Other Factors

Aside from increased blood volume and pregnancy rhinitis, you might experience a nosebleed for the same reasons as everyone else. That might include allergies, weather, or dryness indoors or outdoors.

Since you’re more susceptible to nosebleeds during pregnancy, even a seemingly small trigger can cause a nosebleed. While a roaring air conditioner may not have affected you before, it may now cause reoccurring nosebleeds during pregnancy.

Treatment for a Pregnant Nose Bleed

Pregnant nose bleeds aren’t usually serious and will stop within a few minutes of applying pressure. There’s usually no need for medical treatment.

If you get a pregnant nose bleed, what should you do?

Pinch Your Nose

  1. Lean slightly forward (to prevent the blood from going down your throat)
  2. Grab a tissue
  3. Apply pressure by pinching just above your nostril for a few minutes (about 5 minutes)
  4. Wipe away blood and check if nose is still bleeding
  5. If it’s still bleeding, repeat steps


Bleeding can be light or heavy but should stop within about 15 minutes of applying pressure. If a nosebleed doesn’t stop, seek medical attention.

Apply a Cold Compress

Although pinching your nose is often the easiest and best way to stop a nosebleed, you can also try a cold compress.

Place a cold washcloth, bag of frozen vegetables, or an ice pack on the bridge of your nose. The temperature can constrict the blood vessels, reducing the bleeding. While applying the cold compress with one hand, you can use the other hand to pinch just above the nostril to stop the blood flow. Apply for a few minutes, check to see if it’s still bleeding, and try again.

Nose Bleed No-Nos

  • Don’t lean your head back (to avoid blood dripping down your throat)
  • Don’t lay down (to avoid blood dripping down your throat)
  • Don’t pinch your nostrils (pinch just above your nostrils to stop the blood flow)
  • Don’t just stuff the nostril with tissue or wipe your nose— pinching is usually required to stop the blood flow

Nosebleeds that reoccur frequently could be a sign of a larger issue, so make sure to talk to your doctor. You should also seek medical attention if:

  • Bleeding is severe with a lot of blood loss
  • You’re having trouble breathing
  • A serious injury triggered the bleeding and needs treatment
  • You’re vomiting blood from the blood dripping down your throat
  • Bleeding doesn’t stop after about 30 minutes of applying pressure to your nose

How to Prevent a Nose Bleed During Pregnancy

There’s no surefire way to prevent a nosebleed during pregnancy; however, there’s things you can do to make getting one less likely. In general, you’ll want to avoid factors that irritate the nose or dry it.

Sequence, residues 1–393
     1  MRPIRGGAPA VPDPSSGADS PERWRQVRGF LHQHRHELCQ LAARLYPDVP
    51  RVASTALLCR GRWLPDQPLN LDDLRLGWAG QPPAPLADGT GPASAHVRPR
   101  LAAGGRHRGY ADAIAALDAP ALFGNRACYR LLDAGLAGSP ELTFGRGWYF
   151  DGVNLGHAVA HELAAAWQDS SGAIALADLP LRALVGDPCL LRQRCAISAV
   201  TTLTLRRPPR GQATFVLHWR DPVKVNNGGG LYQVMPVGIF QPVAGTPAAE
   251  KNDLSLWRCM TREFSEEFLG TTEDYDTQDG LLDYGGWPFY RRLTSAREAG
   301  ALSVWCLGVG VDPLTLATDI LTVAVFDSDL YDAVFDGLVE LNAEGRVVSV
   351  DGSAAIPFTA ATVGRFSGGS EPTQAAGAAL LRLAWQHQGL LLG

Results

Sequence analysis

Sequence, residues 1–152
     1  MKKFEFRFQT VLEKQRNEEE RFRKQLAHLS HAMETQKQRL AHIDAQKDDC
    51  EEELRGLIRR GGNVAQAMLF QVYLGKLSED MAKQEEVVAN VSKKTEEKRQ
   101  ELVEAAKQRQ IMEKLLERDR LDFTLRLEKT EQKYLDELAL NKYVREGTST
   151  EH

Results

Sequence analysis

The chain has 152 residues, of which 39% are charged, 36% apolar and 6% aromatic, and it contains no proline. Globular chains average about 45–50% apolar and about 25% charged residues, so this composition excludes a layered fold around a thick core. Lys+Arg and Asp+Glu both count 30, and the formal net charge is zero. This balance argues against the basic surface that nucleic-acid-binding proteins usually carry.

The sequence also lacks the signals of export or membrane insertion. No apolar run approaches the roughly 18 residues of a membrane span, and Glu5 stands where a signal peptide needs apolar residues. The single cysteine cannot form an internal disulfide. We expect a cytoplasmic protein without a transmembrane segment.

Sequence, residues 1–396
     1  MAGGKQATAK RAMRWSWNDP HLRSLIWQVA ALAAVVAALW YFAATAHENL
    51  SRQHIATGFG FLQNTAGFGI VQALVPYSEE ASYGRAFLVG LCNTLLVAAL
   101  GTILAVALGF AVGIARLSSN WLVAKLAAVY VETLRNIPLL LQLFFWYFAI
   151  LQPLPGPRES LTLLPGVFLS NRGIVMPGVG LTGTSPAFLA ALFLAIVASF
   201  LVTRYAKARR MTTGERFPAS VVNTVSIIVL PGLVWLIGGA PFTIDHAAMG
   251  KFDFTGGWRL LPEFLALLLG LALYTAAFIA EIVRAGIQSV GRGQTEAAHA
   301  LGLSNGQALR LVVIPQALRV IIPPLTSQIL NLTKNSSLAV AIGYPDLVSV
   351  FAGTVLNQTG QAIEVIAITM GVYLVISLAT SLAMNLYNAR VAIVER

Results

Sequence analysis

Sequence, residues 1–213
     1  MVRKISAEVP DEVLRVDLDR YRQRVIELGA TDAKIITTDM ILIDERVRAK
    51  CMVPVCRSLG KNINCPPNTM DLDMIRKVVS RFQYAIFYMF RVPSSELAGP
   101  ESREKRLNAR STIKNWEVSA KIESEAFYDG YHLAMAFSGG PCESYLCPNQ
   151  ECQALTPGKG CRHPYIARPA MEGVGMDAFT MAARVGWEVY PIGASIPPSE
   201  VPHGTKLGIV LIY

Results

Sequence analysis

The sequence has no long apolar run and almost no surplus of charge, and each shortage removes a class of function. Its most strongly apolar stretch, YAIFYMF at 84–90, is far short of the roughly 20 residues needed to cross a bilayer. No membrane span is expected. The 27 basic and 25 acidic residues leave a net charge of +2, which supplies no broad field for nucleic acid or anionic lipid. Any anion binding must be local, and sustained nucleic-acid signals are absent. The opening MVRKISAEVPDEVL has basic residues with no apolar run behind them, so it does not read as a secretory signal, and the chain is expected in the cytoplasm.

• Gently Blow Nose. When you’re sick or have allergies, take care to gently blow and wipe your nose. Blowing too hard creates irritation and can set off bleeding.
  • Use a Humidifier. If the dry air is causing nose bleeds, use a humidifier in your home or office to add moisture.
  • Turn Down Air Conditioning. Air conditioners can make spaces very dry, triggering a nose bleed. If you have frequent nosebleeds, try using an air conditioner only when necessary to see if it helps.
  • Moisturize Inside Your Nose. Although it may sound weird, try applying a saline nasal gel or petroleum jelly to the inside of your nose.
  • Stay Hydrated. When you’re not getting enough fluids, your nose blood vessels can dry out and bleed.
  • Manage Colds and Allergies. If you get a cold or have seasonal allergies, use a safe over-the-counter medication to control symptoms. If you reduce the amount of sniffling and nose blowing, your nose will be less dry and less likely to bleed.
  • Don’t Overuse Sprays. Sometimes doctors recommend a medicated nasal spray or decongestant. It’s important to take these as directed because overuse can lead to dryness and pregnancy nose bleed.

Summary: Pregnancy and Nose Bleeds

Nosebleeds are common but even more common during pregnancy. Although you might wonder why you’re experiencing them all of the sudden, it’s usually a normal side effect.  Because your nose is more prone to becoming dry, and because your blood volume has increased, you may find yourself reaching for a tissue more often.

Typically, nose bleeds during pregnancy aren’t a cause for concern and applying pressure for a few minutes will stop the blood flow. If your nose bleed doesn’t stop, becomes severe, or reoccurs too frequently, seek medical attention.